% save data

data(cnt,1) = time;

data(cnt,2) = x; % X position

data(cnt,3) = func(x); % truth Y position

data(cnt,4) = y; % calculated Y position

data(cnt,5) = speed;

data(cnt,6) = Ep; % potential energy

data(cnt,7) = Ek; % kinetic energy

data(cnt,8) = Etot; % total energy

end % end of time loop

% extract data vectors from data table

time = data(:,1);

X = data(:,2);

fX = data(:,3);

Y = data(:,4);

speed = data(:,5);

Ep = data(:,6);

Ek = data(:,7);

Etot = data(:,8);

% Plot data

figure;

plot(X,fX,'r'); % truth Y vs. X

hold on;

plot(X,Y,'ob'); % calculated Y vs X

grid on;

legend('fX','Y');

%.... (add additional plots as desired)

Note that for the function Y = X^2, with X starting near zero there must be a nonzero initial velocity or it won't do anything.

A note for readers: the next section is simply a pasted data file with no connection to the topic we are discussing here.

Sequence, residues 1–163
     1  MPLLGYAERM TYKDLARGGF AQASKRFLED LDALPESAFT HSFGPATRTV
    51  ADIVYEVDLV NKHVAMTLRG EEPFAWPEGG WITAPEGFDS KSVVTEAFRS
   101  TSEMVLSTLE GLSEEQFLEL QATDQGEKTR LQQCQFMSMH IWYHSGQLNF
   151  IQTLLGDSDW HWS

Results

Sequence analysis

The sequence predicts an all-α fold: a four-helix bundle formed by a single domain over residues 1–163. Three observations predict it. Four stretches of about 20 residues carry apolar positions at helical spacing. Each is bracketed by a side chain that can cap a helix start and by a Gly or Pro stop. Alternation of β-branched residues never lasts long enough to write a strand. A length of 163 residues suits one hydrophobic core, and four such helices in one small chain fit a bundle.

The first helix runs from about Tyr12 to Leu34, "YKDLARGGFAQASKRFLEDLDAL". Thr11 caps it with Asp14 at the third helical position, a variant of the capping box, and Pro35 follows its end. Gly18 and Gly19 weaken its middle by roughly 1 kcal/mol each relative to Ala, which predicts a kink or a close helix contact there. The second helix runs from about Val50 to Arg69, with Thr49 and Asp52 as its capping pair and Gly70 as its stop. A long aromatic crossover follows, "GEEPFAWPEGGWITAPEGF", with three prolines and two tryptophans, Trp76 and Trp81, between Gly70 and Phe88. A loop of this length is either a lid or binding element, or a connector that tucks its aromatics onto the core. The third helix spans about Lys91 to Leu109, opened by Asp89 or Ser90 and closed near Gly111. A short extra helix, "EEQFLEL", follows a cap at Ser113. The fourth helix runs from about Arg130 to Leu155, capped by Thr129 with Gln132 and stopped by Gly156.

Also note the use of unit vectors and dot product (no trig functions).

Speed is a signed quantity. Positive speed causes x to increase. As the point rises along the curve, the speed drops to zero, and then goes negative as it falls backward.

Numerical integration errors will result in errors in the conservation of energy. Etot will not be constant, but will drift due to integration errors. Try different values for dt and you will see different ammounts of error in the energy conservation. (smaller dt should produce smaller errros). The plot of Y vs X will also become closer to the plot of fX vs X as the time step becomes smaller.

##### 1 Comment

Jack McCarthy
on 12 May 2022